Thursday, October 21, 2010

Fatty Liver Disease (NASH) an Update

NASH (Non-alcoholic steatohepatitis)

Scientists in 1980 noted changes on liver biopsies in people that were non-alcoholics, the liver samples looked comparable to liver damage seen in chronic alcoholics who continue to drink.

They noted excess fat, and signs of dying liver cells (necrosis), and inflammation. They termed this condition non-alcoholic steatohepatitis, commonly referred to as NASH. (The phrase "steato" simply means fat and "hepatitis" means liver inflammation.)

Information On Fatty Liver :
From Merck
The fatty liver may or may not be inflamed. Inflammation may then develop into scarring (fibrosis). Fibrosis often progresses into cirrhosis. Fatty liver (with or without fibrosis) due to any condition except alcoholism is called nonalcoholic steatohepatitis. This disorder develops most often in people with the metabolic syndrome.
Symptoms and Diagnosis
Fatty liver usually causes no symptoms. Some people may feel tired or have vague abdominal discomfort. The liver tends to enlarge and can be detected by the doctor during a physical examination. If doctors suspect fatty liver, they'll ask about alcohol use. This information is crucial. Continued and excessive alcohol use will cause severe liver damage.
Blood tests to detect liver abnormalities, such as inflammation, are important , as this type of hepatitis may lead to cirrhosis. Additional blood tests help exclude other causes of liver abnormalities, such as viral hepatitis. Ultrasonography, computed tomography (CT), or magnetic resonance imaging (MRI) of the abdomen can detect excess fat in the liver but cannot determine if inflammation or fibrosis is present.
Liver biopsy may be necessary to confirm the diagnosis. For the biopsy, a doctor inserts a long hollow needle through the skin (anaesthetized locally to lessen any pain) and into the liver to obtain a small piece of liver tissue for examination under a microscope . The biopsy can help determine whether fatty liver is present, whether it resulted from alcohol or certain other specific causes, and how severe the liver damage is.
Prognosis and Treatment *also see below
Treatment focuses on minimizing or eliminating the cause of fatty liver. People should stop taking a drug, lose weight, or take measures to control diabetes, lower triglyceride levels, or stop drinking.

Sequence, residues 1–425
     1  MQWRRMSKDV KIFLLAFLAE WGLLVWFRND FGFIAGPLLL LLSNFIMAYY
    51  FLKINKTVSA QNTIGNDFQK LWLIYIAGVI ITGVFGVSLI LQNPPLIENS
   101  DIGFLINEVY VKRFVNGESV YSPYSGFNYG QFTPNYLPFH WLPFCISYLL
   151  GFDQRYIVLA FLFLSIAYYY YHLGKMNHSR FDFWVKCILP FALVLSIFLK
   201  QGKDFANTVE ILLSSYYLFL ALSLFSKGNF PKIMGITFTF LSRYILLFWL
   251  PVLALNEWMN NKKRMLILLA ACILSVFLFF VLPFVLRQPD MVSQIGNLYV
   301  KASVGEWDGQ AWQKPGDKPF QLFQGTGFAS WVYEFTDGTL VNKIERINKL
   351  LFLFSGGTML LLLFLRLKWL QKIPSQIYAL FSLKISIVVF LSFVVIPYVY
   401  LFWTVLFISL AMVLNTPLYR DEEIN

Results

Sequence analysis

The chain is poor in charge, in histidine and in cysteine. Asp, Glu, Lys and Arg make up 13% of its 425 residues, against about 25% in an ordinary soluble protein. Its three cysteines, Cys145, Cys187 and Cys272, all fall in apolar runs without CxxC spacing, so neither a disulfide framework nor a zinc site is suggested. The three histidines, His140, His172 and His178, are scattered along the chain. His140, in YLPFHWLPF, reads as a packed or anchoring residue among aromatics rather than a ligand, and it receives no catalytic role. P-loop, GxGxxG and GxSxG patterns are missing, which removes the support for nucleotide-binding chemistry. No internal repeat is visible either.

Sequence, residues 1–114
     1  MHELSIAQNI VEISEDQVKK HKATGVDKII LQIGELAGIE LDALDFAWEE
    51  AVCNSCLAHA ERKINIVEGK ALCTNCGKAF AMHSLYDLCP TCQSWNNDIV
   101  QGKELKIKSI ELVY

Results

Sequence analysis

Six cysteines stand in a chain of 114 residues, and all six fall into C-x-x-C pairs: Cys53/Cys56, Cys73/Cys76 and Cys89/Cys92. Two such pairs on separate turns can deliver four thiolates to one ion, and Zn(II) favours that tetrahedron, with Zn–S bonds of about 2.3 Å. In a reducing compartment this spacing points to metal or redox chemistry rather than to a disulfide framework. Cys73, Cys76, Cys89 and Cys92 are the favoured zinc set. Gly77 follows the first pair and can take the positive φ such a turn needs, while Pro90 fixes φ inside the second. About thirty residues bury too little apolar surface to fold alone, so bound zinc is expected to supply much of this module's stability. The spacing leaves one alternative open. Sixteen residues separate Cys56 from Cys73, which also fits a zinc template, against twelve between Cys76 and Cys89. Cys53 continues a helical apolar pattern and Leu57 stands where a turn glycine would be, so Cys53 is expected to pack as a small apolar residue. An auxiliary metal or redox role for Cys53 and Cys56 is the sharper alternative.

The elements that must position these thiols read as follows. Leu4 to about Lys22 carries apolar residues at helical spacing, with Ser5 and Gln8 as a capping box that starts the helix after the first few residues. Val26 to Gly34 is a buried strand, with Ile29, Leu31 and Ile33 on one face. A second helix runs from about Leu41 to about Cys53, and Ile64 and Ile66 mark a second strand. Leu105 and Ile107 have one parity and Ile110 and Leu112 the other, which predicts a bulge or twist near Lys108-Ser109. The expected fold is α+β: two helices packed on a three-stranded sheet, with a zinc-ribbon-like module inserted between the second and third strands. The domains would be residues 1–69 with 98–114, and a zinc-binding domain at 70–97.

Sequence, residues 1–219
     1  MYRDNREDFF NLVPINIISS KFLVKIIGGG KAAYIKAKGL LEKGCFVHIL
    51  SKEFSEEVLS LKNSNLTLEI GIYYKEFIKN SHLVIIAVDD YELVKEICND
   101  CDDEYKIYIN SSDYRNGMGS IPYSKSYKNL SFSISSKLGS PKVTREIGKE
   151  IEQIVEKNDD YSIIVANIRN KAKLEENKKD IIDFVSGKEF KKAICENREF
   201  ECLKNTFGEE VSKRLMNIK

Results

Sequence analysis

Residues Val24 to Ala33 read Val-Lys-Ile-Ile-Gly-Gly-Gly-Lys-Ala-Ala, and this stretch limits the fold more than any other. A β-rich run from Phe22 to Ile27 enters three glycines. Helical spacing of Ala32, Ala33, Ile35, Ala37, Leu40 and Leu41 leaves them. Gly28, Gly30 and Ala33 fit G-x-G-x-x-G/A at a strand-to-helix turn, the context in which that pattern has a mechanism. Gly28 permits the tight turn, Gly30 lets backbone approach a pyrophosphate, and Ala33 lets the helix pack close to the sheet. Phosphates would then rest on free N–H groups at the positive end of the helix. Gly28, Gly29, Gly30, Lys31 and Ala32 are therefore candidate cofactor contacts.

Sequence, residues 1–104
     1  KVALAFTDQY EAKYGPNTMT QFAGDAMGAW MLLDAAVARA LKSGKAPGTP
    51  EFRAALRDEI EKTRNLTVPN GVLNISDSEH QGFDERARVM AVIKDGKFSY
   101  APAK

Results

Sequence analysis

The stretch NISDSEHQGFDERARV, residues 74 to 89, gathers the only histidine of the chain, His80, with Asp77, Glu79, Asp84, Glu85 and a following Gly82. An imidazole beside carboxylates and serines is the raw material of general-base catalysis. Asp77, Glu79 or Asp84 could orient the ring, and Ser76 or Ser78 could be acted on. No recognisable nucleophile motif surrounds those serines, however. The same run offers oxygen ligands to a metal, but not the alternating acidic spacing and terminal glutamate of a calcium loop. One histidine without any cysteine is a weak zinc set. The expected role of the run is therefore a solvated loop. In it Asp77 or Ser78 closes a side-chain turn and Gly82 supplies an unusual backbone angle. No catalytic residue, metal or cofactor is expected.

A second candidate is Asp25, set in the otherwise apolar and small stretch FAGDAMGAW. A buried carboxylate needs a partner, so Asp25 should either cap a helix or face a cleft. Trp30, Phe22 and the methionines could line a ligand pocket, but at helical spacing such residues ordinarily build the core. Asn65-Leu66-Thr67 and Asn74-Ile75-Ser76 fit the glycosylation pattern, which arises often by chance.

Excess fat in the liver alone is not necessarily a serious problem. For example, if alcoholism is the cause, the fat can disappear, usually within 6 weeks, when people stop drinking. If the cause is not identified and remedied, fatty liver can have serious consequences. For example, if excessive alcohol use continues or a drug causing fatty liver is not stopped, repeated liver injury may eventually lead to cirrhosis. Microvesicular steatosis has a worse prognosis. .
The progression In NASH:
The presence of dying liver cells and inflammation makes NASH a more severe form of fatty liver.
1. normal healthy liver
2. fatty liver (steatosis)
3. inflammation, cell death (steatohepatitis, NASH)
4. scar tissue (fibrosis)
5. excessive scar tissue and liver failure (cirrhosis)
Fatty Liver In The News : An Update
Just this month two studies presented at the 75th Annual Scientific Meeting of the American College of Gastroenterology investigated the effectiveness of potential treatments for NASH: Encouraging findings suggest new avenues for treating liver disease in overweight Americans
"A progressive form of non‐alcoholic fatty liver disease (NAFLD) known as non‐alcoholic steatohepatitis (NASH) can lead to cirrhosis and all its complications. Two studies investigated the effectiveness of potential treatments for NASH, one assessing pentoxifyline, a commonly used TNF╬▒ antagonist, as well as a separate analysis of pioglitazone, an insulin sensitizer, compared to vitamin E".

The doctors lounge published this article : ACG: Non-Alcoholic Fatty Liver Disease Tied to Heart Disease "Non-alcoholic fatty liver disease (NAFLD) appears to be associated with a high prevalence of coronary artery disease (CAD), and inflammatory bowel disease (IBD) appears to be an independent risk factor for CAD, according to two studies presented at the annual scientific meeting of the American College of Gastroenterology, held from Oct. 15 to 20 in San Antonio".

GalMed Medical begins phase-II trial of Aramchol to treat NAFLD & NASH conditions

October 18, 2010 13:00

GalMed Medical Research, a leader in research and development of products for the treatment of chronic lipid and liver related diseases, has initiated the multi-centre phase-II clinical trial with its proprietary.

Read complete story ...(You will need to login first to read this story.)

Fatty Liver In Hepatitis C: Genotype 1

Oct 20, "Steatosis and insulin resistance (IR) are frequent findings in patients with Genotype 1 HCV. Prior studies indicate that these metabolic features not only are independently associated with the severity of liver damage, but also are negative predictors of sustained virologic response (SVR) after standard antiviral therapy. ( Worth reading )
Genotype 3
In people with hepatitis C genotype 3 its believed that hepatitis C can actually cause fatty liver. Scientists have found that people with genotype 3, who reach SVR during therapy have a reduction and sometimes a complete reversal of fatty liver.

Other Information On This Blog: Oct 2010/ Fatty Liver Disease, Genotype 3, Vitamin E and HCV

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